Beautiful, thriving plants on my deck will only happen with constant attention, making sure they have water, sunlight, fertilizer and gosh if someone could help me figure out how to keep the squirrels and chipmunks out of them that would be great. But if I treat them like I typically do every year, I won’t have to wait until February to see the sad result.

Again, our spiritual life is like that too.

“But blessed is the man who trusts in the Lord, whose confidence is in him. He will be like a tree planted by the water that sends out its roots by the stream. It does not fear when heat comes, its leaves are always green. It has no worries in a year of drought and never fails to bear fruit.” (Jeremiah 17:7-8)

If we want to grow and flourish and bear spiritual fruit we are going to need to spend the time reading the Bible, studying God’s Word and seeking His will for our lives. If we don’t, well, take another look at my planters. You get the picture.

Blessings for a warm weekend!
Leigh

Love and a HoneyBaked Ham

In honor of my 25th wedding anniversary today, I’d like to share the very funny, almost unbelievable way I met my husband.

There I was, a sophomore at Auburn University home for Christmas break. My roommate at the time had previously worked at HoneyBaked Ham and was planning on working there again over the break. She talked me into working with her to earn money – you know, the one thing college students never have. It was a no-brainer because all I had to do was hand over hams to hungry people. The ham store closed at 6:00 I think, so it would be an easy job and it wouldn’t interfere with my social life.

One day at work I was at my register, my roommate standing at her register to my left. A tiny, old, sweet grandmother shuffled up to the counter with her cane, looked up at me with the gentlest eyes from behind the largest, thickest glasses and asked with the straightest of faces:

“Do you have a 10 pound butt?”

For one crucial moment I forgot where I was (at work, selling hams), and my attempt to stifle my belly laugh fell way short, especially after my roommate said, “I don’t know – we’ve never weighed hers.”

Gee, thanks.

I’m not sure if it was that day or a maybe the next (memory is the first to go with age, you know) but there I was, again manning my register handing over all sizes of butts to hungry people waiting in line.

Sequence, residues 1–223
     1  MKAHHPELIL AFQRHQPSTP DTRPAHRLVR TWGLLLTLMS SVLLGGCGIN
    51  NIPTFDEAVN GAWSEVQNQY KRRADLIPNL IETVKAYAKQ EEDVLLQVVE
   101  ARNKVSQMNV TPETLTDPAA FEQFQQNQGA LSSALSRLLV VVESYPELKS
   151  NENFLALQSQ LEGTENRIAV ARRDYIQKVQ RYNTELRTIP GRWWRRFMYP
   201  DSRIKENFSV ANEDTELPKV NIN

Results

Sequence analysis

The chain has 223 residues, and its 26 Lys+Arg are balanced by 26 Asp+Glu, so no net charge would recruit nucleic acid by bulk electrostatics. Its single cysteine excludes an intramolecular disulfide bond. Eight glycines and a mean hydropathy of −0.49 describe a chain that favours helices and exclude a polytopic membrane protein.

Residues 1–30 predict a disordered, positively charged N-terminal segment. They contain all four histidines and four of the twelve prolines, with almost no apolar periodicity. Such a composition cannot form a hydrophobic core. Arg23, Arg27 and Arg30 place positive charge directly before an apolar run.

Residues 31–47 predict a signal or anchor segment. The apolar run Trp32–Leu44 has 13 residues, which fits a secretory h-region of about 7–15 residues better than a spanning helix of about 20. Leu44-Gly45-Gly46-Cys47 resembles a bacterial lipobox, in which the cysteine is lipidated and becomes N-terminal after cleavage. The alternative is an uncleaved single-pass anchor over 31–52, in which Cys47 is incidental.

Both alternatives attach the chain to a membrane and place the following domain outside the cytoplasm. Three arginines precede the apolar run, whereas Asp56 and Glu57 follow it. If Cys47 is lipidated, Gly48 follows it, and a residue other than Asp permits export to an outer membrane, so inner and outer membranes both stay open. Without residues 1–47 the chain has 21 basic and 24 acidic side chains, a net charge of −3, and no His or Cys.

And then, just as if I were in a Lifetime movie, I turned around to see the freezer doors open, the wooosh of the frozen condensation spilling out of the freezer. And in that moment, my future husband walked right out of that freezer and into my heart. I couldn’t move. I could only stare at him. He was truly the best looking guy I had ever seen.

When I finally floated back down to earth, I looked at my roommate and said, “I’m going to get a date with that guy.” She snarked back, “Yeah right.”

Turns out my mother-in-law had talked the manager into hiring her two children who were in college to work  there on Christmas break – that’s how Todd ended up walking out of the freezer that day.  You can guess the rest of the story because here we are, 25 years later. Still married, and yep we still like each other – a lot.

My story just goes to show you never know what God has planned for you. I would never have guessed God would use the HoneyBaked Ham freezer to bring love into my life. It’s a real life example of this Scripture: “’For my thoughts are not your thoughts,
neither are your ways my ways,’
declares the Lord.As the heavens are higher than the earth, so are my ways higher than your ways
and my thoughts than your thoughts.’” (Isaiah 55:8-9) It also proves Jeremiah 29:11 – “’For I know the plans I have for you,’ declares the Lord, ‘plans to prosper you and not to harm you, plans to give you hope and a future.’”

Everything we do has an opportunity associated with it. That opportunity may not be as big as meeting your future spouse, but if we go through life grumbling and complaining instead of looking for the blessings, we’ll miss the wonderful life God has planned for us.

So here’s to the HoneyBaked Ham located in Vestavia Hills, Alabama, distributor of delicious spiral sliced hams with a yummy glaze on the outside, and a freezer full of love on the inside

honeybaked

Happy Anniversary, Todd. I truly love you more today than I did when I walked down that aisle 25 years ago.

Blessings!
Leigh